• Combine 1 cup canned white beans, drained, with 1 tablespoon olive oil and 4 ounces peeled and raw shrimp in a skillet. Cook until shrimp are pink. Serve with fruit or vegetables.

• Saute 8 ounces 100% ground skinless turkey breast meat or 95% lean ground beef with chopped onions and 1⁄2 teaspoon ground cumin. Spoon cooked meat equally onto 2 whole-wheat tortillas in addition to chopped tomato, lettuce, and plain yogurt. (This dish serves two.) Serve with Greek yogurt and salsa and fruit or vegetables.

Use whatever meat or vegetables you have on hand to make quick quesadillas.

• Coat 4 ounces thinly sliced chicken breasts or tenders with flour. Heat 1 tablespoon canola oil in a medium skillet over medium heat. Cook chicken for about two minutes on each side. Place chicken on a whole-wheat sandwich bun and garnish with tomato and lettuce, and avocado, if desired. Serve with 8 ounces milk and a piece of fruit or baby carrots and cherry tomatoes.

• Fast fried rice: Heat 2 teaspoons canola oil in a medium skillet. Add 1 cup cold cooked white or brown rice, 1⁄4 cup chopped onion, 1⁄4 cup cooked peas or diced carrots or both, and 2 beaten eggs. Toss the entire mixture until the egg is cooked. Season with a dash of low-sodium soy sauce. Serve with fresh fruit.

When salad is your meal, don’t forget to add protein-rich foods- chicken, tuna, and tofu, for instance – to make one of many simple meals!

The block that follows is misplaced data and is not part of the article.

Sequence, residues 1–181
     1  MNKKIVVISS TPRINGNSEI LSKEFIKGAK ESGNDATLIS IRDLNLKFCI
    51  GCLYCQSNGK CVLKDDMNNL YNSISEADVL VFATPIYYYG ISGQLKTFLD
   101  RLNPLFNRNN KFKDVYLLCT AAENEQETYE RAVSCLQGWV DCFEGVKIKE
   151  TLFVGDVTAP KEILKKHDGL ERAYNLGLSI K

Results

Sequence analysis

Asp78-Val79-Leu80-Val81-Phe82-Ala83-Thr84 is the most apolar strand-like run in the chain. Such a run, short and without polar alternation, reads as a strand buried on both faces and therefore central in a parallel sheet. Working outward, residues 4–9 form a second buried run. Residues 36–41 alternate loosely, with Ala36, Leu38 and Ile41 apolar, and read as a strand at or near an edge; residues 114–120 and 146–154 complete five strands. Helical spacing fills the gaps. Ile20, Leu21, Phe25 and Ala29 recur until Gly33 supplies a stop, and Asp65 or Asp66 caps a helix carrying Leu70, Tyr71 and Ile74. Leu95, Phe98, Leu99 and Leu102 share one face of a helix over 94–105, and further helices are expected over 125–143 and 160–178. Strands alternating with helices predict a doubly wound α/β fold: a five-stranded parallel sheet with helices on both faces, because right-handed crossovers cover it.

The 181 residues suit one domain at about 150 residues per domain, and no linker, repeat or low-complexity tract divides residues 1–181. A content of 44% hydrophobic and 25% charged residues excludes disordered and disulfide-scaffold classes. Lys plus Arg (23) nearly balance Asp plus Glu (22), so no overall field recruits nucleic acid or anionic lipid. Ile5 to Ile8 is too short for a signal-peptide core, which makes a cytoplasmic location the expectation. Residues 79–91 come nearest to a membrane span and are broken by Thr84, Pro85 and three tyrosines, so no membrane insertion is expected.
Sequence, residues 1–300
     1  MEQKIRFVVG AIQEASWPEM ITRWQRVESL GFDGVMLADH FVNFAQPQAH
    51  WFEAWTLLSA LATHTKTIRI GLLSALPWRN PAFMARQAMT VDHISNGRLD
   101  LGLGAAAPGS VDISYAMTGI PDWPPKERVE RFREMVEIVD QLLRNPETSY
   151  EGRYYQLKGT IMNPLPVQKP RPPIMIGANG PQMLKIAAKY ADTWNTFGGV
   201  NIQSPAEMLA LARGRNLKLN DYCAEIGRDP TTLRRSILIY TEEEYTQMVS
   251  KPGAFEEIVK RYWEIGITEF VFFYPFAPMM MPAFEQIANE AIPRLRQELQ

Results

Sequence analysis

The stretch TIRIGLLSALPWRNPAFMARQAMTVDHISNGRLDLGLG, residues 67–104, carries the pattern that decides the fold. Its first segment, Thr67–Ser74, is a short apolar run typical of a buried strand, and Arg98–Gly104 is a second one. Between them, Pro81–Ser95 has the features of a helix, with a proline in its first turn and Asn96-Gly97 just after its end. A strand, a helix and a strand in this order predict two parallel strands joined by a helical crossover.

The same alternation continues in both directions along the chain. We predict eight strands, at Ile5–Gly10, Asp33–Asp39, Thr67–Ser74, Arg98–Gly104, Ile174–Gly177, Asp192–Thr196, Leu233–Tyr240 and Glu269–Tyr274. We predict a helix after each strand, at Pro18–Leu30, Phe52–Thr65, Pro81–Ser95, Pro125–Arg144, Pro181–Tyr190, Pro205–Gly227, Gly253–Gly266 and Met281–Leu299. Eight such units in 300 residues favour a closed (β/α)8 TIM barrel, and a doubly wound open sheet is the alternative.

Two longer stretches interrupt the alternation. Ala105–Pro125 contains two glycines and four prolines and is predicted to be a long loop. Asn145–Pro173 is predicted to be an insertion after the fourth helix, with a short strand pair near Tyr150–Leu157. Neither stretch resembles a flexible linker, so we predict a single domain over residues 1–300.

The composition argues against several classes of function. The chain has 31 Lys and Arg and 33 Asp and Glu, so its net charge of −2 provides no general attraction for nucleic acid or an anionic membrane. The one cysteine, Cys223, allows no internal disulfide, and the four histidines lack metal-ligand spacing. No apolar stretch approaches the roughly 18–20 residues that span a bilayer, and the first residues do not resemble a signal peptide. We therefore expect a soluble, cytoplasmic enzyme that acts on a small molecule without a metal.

• Place 4 ounces cooked shrimp, canned or pouch tuna, cooked or pouch salmon, cottage cheese, or tofu, on top of 2 cups chopped leafy greens and 1⁄2 cup grape tomatoes. Top with a mixture of 2 teaspoons olive oil and balsamic vinegar. Serve with  whole-grain bread or roll.

What are your go-to simple healthy meals these days?

19 Healthy Simple Meals to Make When You Don't Want to Cook

 

Dried Fig, Goat Cheese, and Apple Galette

I worked with California Figs on this paid post.

I attended a meeting in September where I’m sure I ate my weight in fresh and dried California figs. This recipe for Dried Fig, Goat Cheese, and Apple Galette is a result of my fig enthusiasm, and it will be on the table this year at Thanksgiving and throughout the holiday season!

fig, apple, and goat cheese galette
Dried Fig, Goat Cheese, and Apple Galette is perfect for any holiday meal.

Fun Facts About Figs

Clearly, I have a thing for figs, mostly because they are delicious. But I have come to appreciate figs for other reasons, too.

• Figs are flowers. Yes, you read that right. The flowers from fig trees are actually found inside the pear-shaped bloom they produce. The flowers develop into the delicious, sweet fruit.

• Figs grow best where it’s warm, dry, and sunny, so it makes sense that, in the U.S., California grows all the dried figs and 98% of the fresh figs for commercial use. The San Joaquin Valley is the perfect place to grow the sweetest, most plump figs. Yay for California!

• Figs are the only fruit to fully ripen and partially dry while they are still hanging on the trees. When they are fully dried, they can last six to eight months in air-tight containers.

• California Dried Golden Figs is the generic term for several lighter-colored varieties that all tend to have a slightly nutty and buttery flavor. Mission Figs, which are grown only in California, have a dark purple skin and a deep, earthy flavor.

Dried figs pair well with goat cheese, apples, and a buttery crust.

Why Dried Figs are Healthy

Figs are tasty, and they are good for you, too. Figs are naturally sweet and contain no added sugar. They also pack fiber to boost eating satisfaction.